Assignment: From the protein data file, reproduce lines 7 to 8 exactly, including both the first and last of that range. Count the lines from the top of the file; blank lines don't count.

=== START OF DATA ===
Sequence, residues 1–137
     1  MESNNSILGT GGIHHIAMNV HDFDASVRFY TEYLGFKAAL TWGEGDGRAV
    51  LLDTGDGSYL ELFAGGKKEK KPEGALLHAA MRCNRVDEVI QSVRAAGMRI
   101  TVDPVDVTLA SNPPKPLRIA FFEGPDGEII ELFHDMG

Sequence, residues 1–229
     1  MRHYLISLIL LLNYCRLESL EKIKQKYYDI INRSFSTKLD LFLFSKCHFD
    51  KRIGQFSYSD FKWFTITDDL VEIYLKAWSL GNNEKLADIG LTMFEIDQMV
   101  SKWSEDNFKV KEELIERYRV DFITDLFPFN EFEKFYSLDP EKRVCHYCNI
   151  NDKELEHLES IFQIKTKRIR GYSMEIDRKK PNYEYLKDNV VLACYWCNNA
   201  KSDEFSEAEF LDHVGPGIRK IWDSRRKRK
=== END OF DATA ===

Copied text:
    51  KRIGQFSYSD FKWFTITDDL VEIYLKAWSL GNNEKLADIG LTMFEIDQMV
   101  SKWSEDNFKV KEELIERYRV DFITDLFPFN EFEKFYSLDP EKRVCHYCNI